Senate Bill (SB) 3, authored by Sen. Charles Schwertner (R-Georgetown) and sponsored by Rep. Chris Paddie (R-Marshall), will likely serve as the legislature’s chief response to the Electric Reliability Council of Texas’ (ERCOT) winter storm fallout. The omnibus bill is lengthy and addresses a number of different areas.
The upshot includes an overhaul of ERCOT’s directives from the state, a mandate that the power industry weatherizes its infrastructure against severe cold temperatures, a more rigorous mapping of critical infrastructure, creation of a statewide alert system, and reinforcement of dispatchable backup power available during tight grid conditions.
Most of the bill’s provisions were included in the House’s piecemeal electricity priority list — of which most have already made it through both chambers — but being all-encompassing, it is likely SB 3 will be signed by Governor Greg Abbott in lieu of the rest.
Passed on the same day but in a separate bill, the House approved ERCOT board overhaul which includes an in-state residency requirement, a lobbying prohibition for former board members within two years of leaving ERCOT, and a provision giving the governor, lt. governor, and speaker of the house say over the appointments of the five unaffiliated board members.
An unaffiliated member is a generic position, not specifically representing one sector of the power industry. The legislation also creates one board position explicitly tasked with representing ratepayers’ interests.
And another priority bill approved expands the Public Utility Commission board to five members and prohibits registered lobbyists from being appointed to the commission.
Another feature is a restriction on the use of wholesale indexed electricity plans. Those plans, of Griddy notoriety, resulted in utility bills in the thousands of dollars because they are based on the fluctuating cost of electricity on the wholesale ERCOT market — which ballooned to the $9,000 per megawatt-hour scarcity cap.
A straight-up ban on those plans for residential customers was suggested initially, but it has since tempered into a cap on what a customer can be charged — up to 200 percent more than the average monthly price of electricity during the same month in the previous year.
The bill faced a litany of proposed amendments. One, by Rep. Craig Goldman (R-Fort Worth), ensures that grocery stores can stay on the grid during a time of stressed demand so their products do not spoil.
Three amendments, two by Rep. Tony Tinderholt (R-Arlington) and one by Rep. Jared Patterson (R-Frisco) were aimed at renewable energy and the patronage on which those companies rely, but none were adopted.
Patterson’s amendment, similar to legislation he introduced shortly after the blackouts, would have required ERCOT to adjust electricity pricing to compensate for the “market distortion” caused by tax credits given to the renewable industry.
Tinderholt’s first amendment would have set a limit on the cost of transmission shouldered by the state. After a certain point, the generator would be responsible for financing the interconnection. Because of its nature, windmill and solar panel generation is often based far away from the population centers possessing most of the demand for electricity.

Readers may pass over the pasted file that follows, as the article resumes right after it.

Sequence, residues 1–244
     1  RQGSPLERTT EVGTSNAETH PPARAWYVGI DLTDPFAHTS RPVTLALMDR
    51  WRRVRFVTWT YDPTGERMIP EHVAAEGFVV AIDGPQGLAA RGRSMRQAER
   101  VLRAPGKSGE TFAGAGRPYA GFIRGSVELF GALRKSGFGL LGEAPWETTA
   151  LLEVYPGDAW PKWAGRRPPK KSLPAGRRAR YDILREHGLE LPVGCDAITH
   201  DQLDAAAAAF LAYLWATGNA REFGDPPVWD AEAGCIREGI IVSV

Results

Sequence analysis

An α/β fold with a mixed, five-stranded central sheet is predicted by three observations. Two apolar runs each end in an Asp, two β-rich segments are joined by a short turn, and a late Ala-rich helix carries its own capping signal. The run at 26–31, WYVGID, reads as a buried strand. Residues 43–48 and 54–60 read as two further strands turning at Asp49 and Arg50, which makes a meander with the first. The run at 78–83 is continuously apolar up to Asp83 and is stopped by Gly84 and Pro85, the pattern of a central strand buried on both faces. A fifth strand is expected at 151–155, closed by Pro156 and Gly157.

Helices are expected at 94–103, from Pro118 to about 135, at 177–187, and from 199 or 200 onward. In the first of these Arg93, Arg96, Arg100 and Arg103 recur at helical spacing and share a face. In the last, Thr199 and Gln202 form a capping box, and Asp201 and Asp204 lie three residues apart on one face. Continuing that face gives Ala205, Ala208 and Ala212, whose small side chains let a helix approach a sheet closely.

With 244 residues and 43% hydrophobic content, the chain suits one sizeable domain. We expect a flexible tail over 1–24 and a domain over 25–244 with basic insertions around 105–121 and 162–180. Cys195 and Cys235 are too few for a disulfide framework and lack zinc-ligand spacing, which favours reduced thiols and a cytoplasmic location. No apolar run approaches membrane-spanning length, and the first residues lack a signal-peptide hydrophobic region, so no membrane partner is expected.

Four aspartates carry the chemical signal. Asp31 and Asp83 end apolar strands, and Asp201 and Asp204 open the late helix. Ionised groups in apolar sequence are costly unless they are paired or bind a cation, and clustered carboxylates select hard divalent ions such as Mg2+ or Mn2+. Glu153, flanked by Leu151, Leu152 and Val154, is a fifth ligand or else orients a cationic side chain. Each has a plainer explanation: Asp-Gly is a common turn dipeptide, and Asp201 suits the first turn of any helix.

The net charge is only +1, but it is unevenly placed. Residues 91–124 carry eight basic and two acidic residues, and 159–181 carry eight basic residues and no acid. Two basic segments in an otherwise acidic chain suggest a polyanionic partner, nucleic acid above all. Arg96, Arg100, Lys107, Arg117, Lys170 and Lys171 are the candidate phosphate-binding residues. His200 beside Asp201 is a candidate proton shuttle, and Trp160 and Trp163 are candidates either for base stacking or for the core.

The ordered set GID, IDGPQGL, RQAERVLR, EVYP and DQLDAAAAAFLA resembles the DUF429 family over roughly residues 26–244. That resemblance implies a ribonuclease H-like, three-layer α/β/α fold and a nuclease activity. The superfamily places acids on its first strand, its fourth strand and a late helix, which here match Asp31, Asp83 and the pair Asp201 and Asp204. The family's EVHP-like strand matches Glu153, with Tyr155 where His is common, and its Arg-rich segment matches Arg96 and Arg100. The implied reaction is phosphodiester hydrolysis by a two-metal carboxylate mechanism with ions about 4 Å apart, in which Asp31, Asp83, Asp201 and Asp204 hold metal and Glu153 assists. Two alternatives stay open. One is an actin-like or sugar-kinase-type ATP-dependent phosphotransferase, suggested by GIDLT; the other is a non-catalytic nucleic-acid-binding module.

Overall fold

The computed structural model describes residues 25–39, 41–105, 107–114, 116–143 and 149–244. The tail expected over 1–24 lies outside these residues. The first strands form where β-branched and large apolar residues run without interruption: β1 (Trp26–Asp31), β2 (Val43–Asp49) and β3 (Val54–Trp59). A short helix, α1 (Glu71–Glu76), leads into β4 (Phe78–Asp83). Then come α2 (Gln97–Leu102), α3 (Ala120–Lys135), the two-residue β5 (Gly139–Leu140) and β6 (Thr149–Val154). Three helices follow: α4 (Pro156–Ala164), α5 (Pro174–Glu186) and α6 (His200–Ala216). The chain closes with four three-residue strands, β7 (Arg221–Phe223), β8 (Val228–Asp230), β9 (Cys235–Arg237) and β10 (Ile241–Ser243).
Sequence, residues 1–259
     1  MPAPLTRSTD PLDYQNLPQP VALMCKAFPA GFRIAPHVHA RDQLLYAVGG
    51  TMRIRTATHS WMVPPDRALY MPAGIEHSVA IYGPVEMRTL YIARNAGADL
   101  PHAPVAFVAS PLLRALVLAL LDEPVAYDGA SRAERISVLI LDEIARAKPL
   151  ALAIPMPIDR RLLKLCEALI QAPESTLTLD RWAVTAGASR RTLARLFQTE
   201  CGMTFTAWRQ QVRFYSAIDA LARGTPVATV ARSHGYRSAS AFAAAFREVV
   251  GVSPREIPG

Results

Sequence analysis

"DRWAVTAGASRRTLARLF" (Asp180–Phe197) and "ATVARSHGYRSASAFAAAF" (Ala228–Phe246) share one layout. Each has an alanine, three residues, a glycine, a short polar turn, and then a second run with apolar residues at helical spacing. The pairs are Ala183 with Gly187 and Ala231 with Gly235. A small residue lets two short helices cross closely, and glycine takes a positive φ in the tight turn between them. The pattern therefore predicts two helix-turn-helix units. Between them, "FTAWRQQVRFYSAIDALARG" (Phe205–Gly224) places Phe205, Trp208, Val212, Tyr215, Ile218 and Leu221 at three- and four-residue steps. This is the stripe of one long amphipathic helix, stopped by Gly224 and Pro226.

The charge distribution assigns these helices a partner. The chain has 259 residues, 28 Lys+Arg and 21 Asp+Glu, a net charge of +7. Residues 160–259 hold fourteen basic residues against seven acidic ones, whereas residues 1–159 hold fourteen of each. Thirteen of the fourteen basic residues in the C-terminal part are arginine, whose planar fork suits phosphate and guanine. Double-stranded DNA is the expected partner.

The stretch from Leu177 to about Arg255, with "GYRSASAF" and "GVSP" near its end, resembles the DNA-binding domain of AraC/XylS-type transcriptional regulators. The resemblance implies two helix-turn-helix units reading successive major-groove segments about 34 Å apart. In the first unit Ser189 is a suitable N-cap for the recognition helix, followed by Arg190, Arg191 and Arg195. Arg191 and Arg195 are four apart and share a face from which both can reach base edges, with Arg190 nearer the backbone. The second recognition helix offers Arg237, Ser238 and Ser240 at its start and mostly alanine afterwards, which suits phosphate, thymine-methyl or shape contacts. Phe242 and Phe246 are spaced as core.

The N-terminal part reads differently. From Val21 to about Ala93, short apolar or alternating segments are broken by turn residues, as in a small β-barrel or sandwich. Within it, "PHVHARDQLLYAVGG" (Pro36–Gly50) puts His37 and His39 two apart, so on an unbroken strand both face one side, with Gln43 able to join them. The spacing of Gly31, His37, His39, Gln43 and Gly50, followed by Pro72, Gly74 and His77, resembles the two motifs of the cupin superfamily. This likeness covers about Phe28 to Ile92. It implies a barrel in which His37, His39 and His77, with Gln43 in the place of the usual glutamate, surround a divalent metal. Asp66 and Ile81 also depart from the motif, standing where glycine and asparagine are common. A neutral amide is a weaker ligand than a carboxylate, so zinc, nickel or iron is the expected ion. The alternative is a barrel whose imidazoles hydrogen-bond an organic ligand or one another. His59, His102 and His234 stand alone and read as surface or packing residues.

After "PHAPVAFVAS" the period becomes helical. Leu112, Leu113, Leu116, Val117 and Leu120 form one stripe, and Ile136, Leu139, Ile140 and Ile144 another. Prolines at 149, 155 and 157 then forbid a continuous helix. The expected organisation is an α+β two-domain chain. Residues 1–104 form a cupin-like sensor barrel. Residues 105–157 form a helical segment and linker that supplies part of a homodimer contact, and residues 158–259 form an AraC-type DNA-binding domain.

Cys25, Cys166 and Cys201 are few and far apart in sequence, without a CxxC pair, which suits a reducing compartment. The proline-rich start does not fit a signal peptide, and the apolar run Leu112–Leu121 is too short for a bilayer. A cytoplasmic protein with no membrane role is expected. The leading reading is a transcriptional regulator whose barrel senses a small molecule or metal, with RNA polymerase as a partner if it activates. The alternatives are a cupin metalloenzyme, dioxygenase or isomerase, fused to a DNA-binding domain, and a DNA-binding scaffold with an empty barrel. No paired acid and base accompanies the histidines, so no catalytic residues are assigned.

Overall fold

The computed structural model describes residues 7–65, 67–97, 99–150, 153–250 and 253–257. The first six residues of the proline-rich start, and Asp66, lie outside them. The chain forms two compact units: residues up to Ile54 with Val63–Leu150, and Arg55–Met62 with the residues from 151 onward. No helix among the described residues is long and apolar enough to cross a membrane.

It costs money to transmit the energy from the point of generation to the point of use — that goes for thermal energy as well as renewables, but the latter benefits more from it — and the state provides an allowance for capital costs incurred.
Tinderholt sees that as an unfair advantage to renewables and an unnecessary cost shouldered by taxpayers. Supporters of the current policy decried his amendment as a slight to renewables.
His other amendment would require generators to produce a given facility’s average capacity during peak demand times. Generators, both thermal and renewable, can use what are known as “peaker plants” to backup generation in times of stressed demand.
The language is aimed specifically at renewable generators who produced vastly lower amounts of electricity during the February winter storm than, not only their capacity, but their average production as well.
Neither Tinderholt amendment was adopted.
Language proposed by Rep. Justin Holland (R-Rockwall) allowing generators to contract for energy storage services up to 100 megawatts (MW) was tacked onto the bill. That proposal is a response to Tesla’s development of a 100 MW-capacity battery that company founder and CEO Elon Musk touts as reinforcement for Texas’ grid. On a local level, 100 MW is a large capacity that could power 65,000 homes at any given moment. But the capacity pales in comparison to the state’s general consumption 500-times that.
With one week left, the legislature is nearing the close of the 87th Legislative Session. Ever since the temperatures dropped and the lights went out in February, Texans have clamored for resolution from its state government.
Disclosure: Unlike almost every other media outlet, The Texan is not beholden to any special interests, does not apply for any type of state or federal funding, and relies exclusively on its readers for financial support. If you’d like to become one of the people we’re financially accountable to, click here to subscribe.
Brad Johnson is a senior reporter for The Texan and an Ohio native who graduated from the University of Cincinnati in 2017. He is an avid sports fan who most enjoys watching his favorite teams continue their title drought throughout his cognizant lifetime. In his free time, you may find Brad quoting Monty Python productions and trying to calculate the airspeed velocity of an unladen swallow.